Saturday, April 28, 2007

Does free trade lower prices?

Dani Rodrik debunks what he considers a myth:

Advocates of globalization love to argue that free trade lowers prices, and the argument seems sensible enough. Think of all the cheap goods from China that we can buy at Wal-Mart. But anyone who understands comparative advantage knows that free trade affects relative prices, not the price level (the latter being the province of macro and monetary factors). When a country opens up to trade (or liberalizes its trade), it is the relative price of imports that comes down; by necessity, the relative prices of its exports must go up!
Dani is right about the theory, of course. But I am more sympathetic to the "lower prices" summary of it than he is, for two reasons.

1. Defenders of free trade rarely are in a position of having to defend exports, because people think that exports create jobs. When people complain about trade, it usually about the alleged job-destroying effect of imports. This partial-equilibrium complaint naturally encourages a partial-equilibrium retort: imports lower prices for consumers. The losses to producers in these markets are more than offset by gains to consumers from lower prices. True, the full story can only be told in general equilibrium, where it is relative prices that matter for the allocation of resources. But the distinction between the absolute price level (determined by monetary forces) and relative prices (determined by numerous market supply and demand curves) looms larger in the minds of economists than laymen. The reason is related to my second point.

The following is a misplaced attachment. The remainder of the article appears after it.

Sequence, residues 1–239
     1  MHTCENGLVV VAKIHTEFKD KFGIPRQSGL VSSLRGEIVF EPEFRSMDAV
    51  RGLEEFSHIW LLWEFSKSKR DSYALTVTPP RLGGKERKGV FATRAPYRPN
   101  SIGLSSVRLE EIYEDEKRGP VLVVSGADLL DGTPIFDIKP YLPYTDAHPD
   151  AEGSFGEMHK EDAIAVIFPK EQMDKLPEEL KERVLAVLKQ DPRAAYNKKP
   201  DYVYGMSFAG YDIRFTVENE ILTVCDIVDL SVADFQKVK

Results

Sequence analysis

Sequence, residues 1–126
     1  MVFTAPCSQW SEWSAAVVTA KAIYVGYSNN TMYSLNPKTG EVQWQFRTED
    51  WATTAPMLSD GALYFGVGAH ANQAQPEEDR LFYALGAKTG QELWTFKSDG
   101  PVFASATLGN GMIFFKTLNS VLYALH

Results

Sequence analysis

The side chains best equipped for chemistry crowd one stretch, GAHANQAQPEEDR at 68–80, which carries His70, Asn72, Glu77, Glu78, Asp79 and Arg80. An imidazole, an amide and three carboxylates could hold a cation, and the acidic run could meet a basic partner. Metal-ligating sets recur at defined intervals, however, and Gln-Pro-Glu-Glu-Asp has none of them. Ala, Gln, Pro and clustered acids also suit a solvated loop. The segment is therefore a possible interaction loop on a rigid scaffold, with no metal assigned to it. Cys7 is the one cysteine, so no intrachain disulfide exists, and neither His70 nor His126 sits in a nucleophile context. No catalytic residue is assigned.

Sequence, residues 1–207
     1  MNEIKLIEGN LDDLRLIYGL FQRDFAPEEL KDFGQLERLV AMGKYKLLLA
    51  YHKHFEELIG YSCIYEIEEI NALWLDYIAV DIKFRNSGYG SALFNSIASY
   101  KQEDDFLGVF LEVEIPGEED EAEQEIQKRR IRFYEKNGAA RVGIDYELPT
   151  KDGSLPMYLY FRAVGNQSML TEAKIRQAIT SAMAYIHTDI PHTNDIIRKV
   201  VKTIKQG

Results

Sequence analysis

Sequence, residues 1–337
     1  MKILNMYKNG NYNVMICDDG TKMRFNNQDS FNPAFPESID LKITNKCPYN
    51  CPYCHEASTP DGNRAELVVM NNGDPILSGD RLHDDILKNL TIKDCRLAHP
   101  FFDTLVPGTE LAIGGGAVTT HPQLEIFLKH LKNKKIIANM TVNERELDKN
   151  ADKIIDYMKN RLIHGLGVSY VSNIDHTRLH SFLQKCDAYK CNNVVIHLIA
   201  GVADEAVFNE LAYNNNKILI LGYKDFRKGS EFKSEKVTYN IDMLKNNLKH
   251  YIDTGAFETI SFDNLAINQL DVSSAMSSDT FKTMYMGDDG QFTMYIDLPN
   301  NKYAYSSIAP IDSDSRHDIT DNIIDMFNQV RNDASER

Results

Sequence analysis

2. People sometimes instinctively treat the nominal wage as the numeraire. That may be because it is one of the stickier prices around. So maybe when we hear people say that trade lowers prices, we should interpret the statement as meaning that trade lowers the price of a basket of consumer goods for a given price of labor. That is, trade raises real wages. This is one simple way of translating the basic Ricardian model (in which trade expands both trading partners' consumption opportunities) into a language that is a bit more familiar to the general public.

Update: Dani responds. I disagree with Dani when he says:

there is no theorem that guarantees that the partial-equilibrium losses to import-competing producers “are more than offset by gains to consumers from lower prices.” My wheat-and-beef example in Argentina is exactly an instance where this supposition fails.

Back in his example, he says that "these are export products for Argentina," whereas in point 1 above I was describing a country that is a net importer of the good. For net exporters, prices do rise when a country moves from autarky to free trade. In this case, the gains to producers more than offset the losses to consumers. For readers who want to see a diagrammatic explanation of these two cases, see chapter 9 of my favorite textbook.

The more interesting and difficult issue that Dani raises is how many caveats economists should include in their analysis when they present their ideas as part of the public debate. All economic analysis involves simplifying in order to clarify. This is, in a sense, the very essence of building a model. The art in economics is drawing the line between simplification which clarifies and oversimplification which misleads. Without doubt, that judgment call is always tough. One has to be careful not to make the best the enemy of the good.